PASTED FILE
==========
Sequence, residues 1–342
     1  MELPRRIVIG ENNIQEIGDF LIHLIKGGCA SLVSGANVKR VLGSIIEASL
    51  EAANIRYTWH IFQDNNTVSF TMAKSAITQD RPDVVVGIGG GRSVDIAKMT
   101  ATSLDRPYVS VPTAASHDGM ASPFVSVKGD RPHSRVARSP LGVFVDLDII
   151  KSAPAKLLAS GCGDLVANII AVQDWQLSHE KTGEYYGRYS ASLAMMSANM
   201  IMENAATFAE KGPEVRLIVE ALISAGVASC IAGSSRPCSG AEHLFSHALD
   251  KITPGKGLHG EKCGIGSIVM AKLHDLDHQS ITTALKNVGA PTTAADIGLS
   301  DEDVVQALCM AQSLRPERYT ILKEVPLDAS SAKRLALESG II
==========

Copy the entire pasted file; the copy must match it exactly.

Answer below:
Sequence, residues 1–342
     1  MELPRRIVIG ENNIQEIGDF LIHLIKGGCA SLVSGANVKR VLGSIIEASL
    51  EAANIRYTWH IFQDNNTVSF TMAKSAITQD RPDVVVGIGG GRSVDIAKMT
   101  ATSLDRPYVS VPTAASHDGM ASPFVSVKGD RPHSRVARSP LGVFVDLDII
   151  KSAPAKLLAS GCGDLVANII AVQDWQLSHE KTGEYYGRYS ASLAMMSANM
   201  IMENAATFAE KGPEVRLIVE ALISAGVASC IAGSSRPCSG AEHLFSHALD
   251  KITPGKGLHG EKCGIGSIVM AKLHDLDHQS ITTALKNVGA PTTAADIGLS
   301  DEDVVQALCM AQSLRPERYT ILKEVPLDAS SAKRLALESG II